Over the past two months, at least four Chinese tech giants have announced plans to cancel mandatory overtime; some of the changes are companywide, and others are specific to business units. ByteDance, Kuaishou and Meituan's group-buying platform announced the end of a policy called "Big/Small Week," where a six-day workweek is followed by a more moderate schedule. In early June, a game studio owned by Tencent rolled out a policy that mandated employees punch out at 6 p.m. every Wednesday and take the weekends off.

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Shen Lu

Shen Lu is a reporter with Protocol | China. She has spent six years covering China from inside and outside its borders. Previously, she was a fellow at Asia Society's ChinaFile and a Beijing-based producer for CNN. Her writing has appeared in Foreign Policy, The New York Times and POLITICO, among other publications. Shen Lu is a founding member of Chinese Storytellers, a community serving and elevating Chinese professionals in the global media industry.

Over the last year, financial institutions have experienced unprecedented demand from their customers for exposure to cryptocurrency, and we've seen an inflow of institutional dollars driving bitcoin and other cryptocurrencies to record prices. Some banks have already launched cryptocurrency programs, but many more are evaluating the market.

That's why we've created the Crypto Maturity Model: an iterative roadmap for cryptocurrency product rollout, enabling financial institutions to evaluate market opportunities while addressing compliance requirements.

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Caitlin Barnett, Chainanalysis
Caitlin’s legal and compliance experience encompasses both cryptocurrency and traditional finance. As Director of Regulation and Compliance at Chainalysis, she helps leading financial institutions strategize and build compliance programs in order to adopt cryptocurrencies and offer new products to their customers. In addition, Caitlin helps facilitate dialogue with regulators and the industry on key policy issues within the cryptocurrency industry.
Power

Brownsville, we have a problem

The money and will of Elon Musk are reshaping a tiny Texas city. Its residents are divided on his vision for SpaceX, but their opinion may not matter at all.

When Musk chose Cameron County, he changed its future irrevocably.

Photo: Verónica G. Cárdenas for Protocol

In Boca Chica, Texas, the coastal prairie stretches to the horizon on either side of the Gulf of Mexico, an endless sandbar topped with floating greenery, wheeling gulls and whipping gusts of wind.

Far above the sea on a foggy March day, the camera feed on the Starship jerked and then froze on an image of orange flames shooting into the gray. From the ground below, onlookers strained to see through the opaque sky. After a moment of quiet, jagged edges of steel started to rain from the clouds, battering the ground near the oceanside launch pad, ripping through the dunes, sinking deep into the sand and flats.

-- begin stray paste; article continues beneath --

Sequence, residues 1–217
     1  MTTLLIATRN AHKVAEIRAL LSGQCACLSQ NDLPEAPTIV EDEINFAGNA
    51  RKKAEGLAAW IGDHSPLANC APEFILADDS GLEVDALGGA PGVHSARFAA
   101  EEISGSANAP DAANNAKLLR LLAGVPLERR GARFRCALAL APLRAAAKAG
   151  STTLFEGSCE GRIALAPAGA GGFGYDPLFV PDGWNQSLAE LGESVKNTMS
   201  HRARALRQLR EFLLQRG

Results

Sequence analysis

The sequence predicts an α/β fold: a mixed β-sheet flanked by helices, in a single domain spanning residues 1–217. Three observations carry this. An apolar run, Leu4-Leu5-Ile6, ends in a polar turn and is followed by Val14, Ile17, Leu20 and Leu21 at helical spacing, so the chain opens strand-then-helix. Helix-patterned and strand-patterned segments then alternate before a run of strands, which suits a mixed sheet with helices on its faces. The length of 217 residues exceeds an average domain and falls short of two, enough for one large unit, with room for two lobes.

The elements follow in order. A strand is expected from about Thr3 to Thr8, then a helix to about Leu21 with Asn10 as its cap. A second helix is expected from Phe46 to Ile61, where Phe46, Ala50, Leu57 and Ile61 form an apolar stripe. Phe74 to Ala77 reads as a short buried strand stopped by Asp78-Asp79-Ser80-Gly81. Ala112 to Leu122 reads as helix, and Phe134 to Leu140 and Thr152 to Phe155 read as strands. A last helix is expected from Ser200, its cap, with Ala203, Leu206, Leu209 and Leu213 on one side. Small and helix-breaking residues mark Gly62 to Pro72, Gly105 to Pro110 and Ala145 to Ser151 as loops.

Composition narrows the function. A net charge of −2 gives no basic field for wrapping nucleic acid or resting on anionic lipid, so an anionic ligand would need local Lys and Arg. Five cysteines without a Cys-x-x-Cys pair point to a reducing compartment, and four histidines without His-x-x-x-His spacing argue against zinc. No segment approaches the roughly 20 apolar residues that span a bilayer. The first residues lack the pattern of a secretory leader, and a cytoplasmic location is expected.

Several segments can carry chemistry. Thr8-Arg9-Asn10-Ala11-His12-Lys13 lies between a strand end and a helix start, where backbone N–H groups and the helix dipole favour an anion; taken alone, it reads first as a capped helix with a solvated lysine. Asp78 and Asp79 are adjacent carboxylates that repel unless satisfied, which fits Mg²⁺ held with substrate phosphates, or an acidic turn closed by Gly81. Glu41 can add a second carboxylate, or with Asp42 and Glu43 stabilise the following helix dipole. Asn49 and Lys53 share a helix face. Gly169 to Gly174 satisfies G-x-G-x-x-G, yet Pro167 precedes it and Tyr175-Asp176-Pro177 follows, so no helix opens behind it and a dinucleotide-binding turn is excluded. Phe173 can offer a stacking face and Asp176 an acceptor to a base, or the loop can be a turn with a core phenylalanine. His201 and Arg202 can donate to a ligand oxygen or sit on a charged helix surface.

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Anna Kramer

Anna Kramer is a reporter at Protocol (Twitter: @ anna_c_kramer, email: akramer@protocol.com), where she writes about labor and workplace issues. Prior to joining the team, she covered tech and small business for the San Francisco Chronicle and privacy for Bloomberg Law. She is a recent graduate of Brown University, where she studied International Relations and Arabic and wrote her senior thesis about surveillance tools and technological development in the Middle East.

People

Facebook’s push to protect young users is a peek at the future of social

More options, more proactive protections, fewer one-size-fits-all answers for being a person on the internet.

Social media companies are racing to find ways to protect underage people on their apps.

Image: Alexander Shatov/Unsplash

Social media companies used to see themselves as open squares, places where everyone could be together in beautiful, skipping-arm-in-arm harmony. But that's not the vision anymore.

Now, Facebook and others are going private. They're trying to rebuild around small groups and messaging. They're also trying to figure out how to build platforms that work for everyone, that don't try to apply the same set of rules to billions of people around the world, that bring everyone together but on each user's terms. It's tricky.

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David Pierce

David Pierce ( @pierce) is Protocol's editor at large. Prior to joining Protocol, he was a columnist at The Wall Street Journal, a senior writer with Wired, and deputy editor at The Verge. He owns all the phones.

Power

Who owns that hot startup? These insiders want to clear it up.

Cap tables are fundamental to startups. So 10 law firms and startup software vendors are teaming up to standardize what they tell you about investors' stakes.

Cap tables describe the ownership of shares in a startup, but they aren't standardized.

Illustration: Protocol

Behind every startup, there's a cap table. Startups have to start keeping track of who owns what, from the moment they're created, to fundraising from venture capitalists, to an eventual IPO or acquisition.

"Everything that happens that is a sexy thing that's important to the tech world, it really is something having to do with the cap table," said David Wang, chief innovation officer at the Wilson Sonsini Goodrich & Rosati law firm.

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Biz Carson

Biz Carson ( @bizcarson) is a San Francisco-based reporter at Protocol, covering Silicon Valley with a focus on startups and venture capital. Previously, she reported for Forbes and was co-editor of Forbes Next Billion-Dollar Startups list. Before that, she worked for Business Insider, Gigaom, and Wired and started her career as a newspaper designer for Gannett.